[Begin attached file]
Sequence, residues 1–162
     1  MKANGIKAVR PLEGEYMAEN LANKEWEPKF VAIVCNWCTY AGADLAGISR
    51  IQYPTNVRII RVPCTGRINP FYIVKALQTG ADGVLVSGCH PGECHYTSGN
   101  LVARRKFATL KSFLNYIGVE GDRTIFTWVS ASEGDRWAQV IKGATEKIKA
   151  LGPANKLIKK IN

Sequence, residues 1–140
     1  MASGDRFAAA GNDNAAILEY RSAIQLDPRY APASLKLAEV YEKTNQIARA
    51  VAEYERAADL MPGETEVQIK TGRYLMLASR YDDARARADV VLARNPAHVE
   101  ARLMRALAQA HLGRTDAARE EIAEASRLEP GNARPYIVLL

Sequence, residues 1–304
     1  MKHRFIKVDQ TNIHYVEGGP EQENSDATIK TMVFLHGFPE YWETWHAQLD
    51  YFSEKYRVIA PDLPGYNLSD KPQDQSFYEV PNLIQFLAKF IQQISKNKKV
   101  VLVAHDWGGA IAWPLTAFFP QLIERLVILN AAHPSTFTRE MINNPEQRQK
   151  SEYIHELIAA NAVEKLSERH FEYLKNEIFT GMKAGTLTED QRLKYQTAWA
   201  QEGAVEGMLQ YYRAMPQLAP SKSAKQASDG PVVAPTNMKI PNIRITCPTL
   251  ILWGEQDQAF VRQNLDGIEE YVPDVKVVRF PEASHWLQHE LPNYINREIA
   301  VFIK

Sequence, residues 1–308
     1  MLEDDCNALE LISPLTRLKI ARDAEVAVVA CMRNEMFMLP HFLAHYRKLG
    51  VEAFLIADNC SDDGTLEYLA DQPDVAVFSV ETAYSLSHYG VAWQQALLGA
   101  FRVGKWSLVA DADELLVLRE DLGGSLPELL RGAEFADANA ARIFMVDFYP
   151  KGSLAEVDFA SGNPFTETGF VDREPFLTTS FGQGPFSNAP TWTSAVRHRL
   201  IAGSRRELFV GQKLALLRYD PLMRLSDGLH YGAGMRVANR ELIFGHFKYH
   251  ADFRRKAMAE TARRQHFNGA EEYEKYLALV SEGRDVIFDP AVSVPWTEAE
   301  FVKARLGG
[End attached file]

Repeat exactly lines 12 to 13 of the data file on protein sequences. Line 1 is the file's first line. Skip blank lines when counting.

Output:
    51  YFSEKYRVIA PDLPGYNLSD KPQDQSFYEV PNLIQFLAKF IQQISKNKKV
   101  VLVAHDWGGA IAWPLTAFFP QLIERLVILN AAHPSTFTRE MINNPEQRQK